Monday, March 27, 2017

Okay, Back To Medicaid Expansion In South Dakota

Making The Case
Let's Get 'Er Done
     Now that President Trump's campaign promises to end the Affordable Care Act couldn't get past his own Republican party's tumultuous rejection of them, it's time for South Dakota to move ahead on one major aspect of the law.  That would be expanding Medicaid coverage in our state, a plan that our Governor Daugaard did a pretty admirable job of crafting a year ago before everything went on political hold.  The postponement, of course, was a by-product of the presidential campaign and subsequent election of Trump, whose fervent promises of doing away with ACA (also known as "Obamacare") seemed achievable, considering his party had Republican majorities in both houses of Congress.  But calling the program "toast" was way premature, and Trump's failure to push its repeal and replacement through Congress leaves everything intact.  As a chagrined House Speaker Paul Ryan put it in his concession speech last week, "ACA remains the law of the land."
     As tough as that fact is for many Republicans to swallow, it does give South Dakotans a shot at using ACA as a vehicle for advancing healthcare opportunities and giving our state a much-needed economic boost.  First off, recent history demonstrates that the in-state political fallout isn't as potentially ominous as first meets the eye. Consider that 16 Republican governors have already expanded Medicaid in their states.  That they were probably part of the reason that a fair number of GOP reps in Congress couldn't get behind Trump's rush to destroy ACA is one thing.  That Vice-President Pence, when he was Governor of Indiana, expanded Medicaid for his state is another. Indiana's decision should make it pretty clear to recalcitrant Republicans here in South Dakota that expansion has some tangible benefits.  
     Those benefits are twofold.  The general consensus is that about 50,000 South Dakotans will become eligible for Medicaid benefits under Daugaard's expansion plan, which in the governor's words last year had the support of "80 hospitals and clinics, as well as 50 other organizations in South Dakota." There's no organized opposition that I can find coming from the healthcare industry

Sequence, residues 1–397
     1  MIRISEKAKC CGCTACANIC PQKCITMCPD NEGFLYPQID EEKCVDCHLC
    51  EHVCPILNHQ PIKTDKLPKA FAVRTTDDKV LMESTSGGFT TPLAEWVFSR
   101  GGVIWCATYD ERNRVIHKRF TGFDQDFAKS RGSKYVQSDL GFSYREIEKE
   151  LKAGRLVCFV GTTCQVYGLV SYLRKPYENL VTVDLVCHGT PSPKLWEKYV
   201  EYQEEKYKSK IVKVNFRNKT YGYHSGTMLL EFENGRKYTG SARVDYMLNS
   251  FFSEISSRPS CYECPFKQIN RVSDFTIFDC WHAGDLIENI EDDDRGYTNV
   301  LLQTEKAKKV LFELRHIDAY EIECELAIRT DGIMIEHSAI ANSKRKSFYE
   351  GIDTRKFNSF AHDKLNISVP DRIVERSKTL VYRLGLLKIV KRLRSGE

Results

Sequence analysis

A Great Deal For SD
Too Good To Pass Up
in the state. On the second front, political opposition seems to be focused on ideological and partisan issues, which on a broader scale turned out to be hopeless when the entire ACA came under consideration in Congress. The same was true when Medicaid expansion specifically was adopted by so many GOP governors, Pence of Indiana included, around the country. Rejecting literally billions of dollars of federal Medicaid disbursements that will support this plan over the next few years makes no sense to me, especially as our Governor Daugaard's proposal makes it revenue-neutral for state budgeting purposes.    


  1. For all my sins, I await the assertion that Medicaid expansion should await the conclusion of a new Constitutional Convention. (possible sarcasm)

  2. My best friend went for two years without health insurance and with limited health care after her disability was approved by Social Security before her Medicare kicked in because there is a two year waiting period before you receive Medicare benefits after you've been approved. She would have had insurance and health care during that time if South Dakota had approved the expansion, but as it was, since she should have been covered by the expansion, she didn't qualify for the low income vouchers to help pay for insurance since she was supposed to be getting Medicaid instead. During this time her health deteriorated because she couldn't afford proper care and in the long run it has almost certainly cost the government more covering repeated surgeries that might not have been necessary if the first one had been done sooner. I really fail to see the economic logic in that, let alone the compassion.

    I am not sure what had happened to the final bill after all the tweaking before it was pulled, but at one point, as I understand it, the only states that would have been eligible to continue to receive Medicaid expansion funding were the ones that had already approved it, which would have meant South Dakota would have been permanently left out since we had not expanded at this time. As I said, that may have been changed before the bill was pulled, but it is certainly something our legislators should be thinking long and hard about. If I am right about this it is very possible that they can either approve the expansion now, or forgo these funds forever, hurting the poorest of our citizens in the process.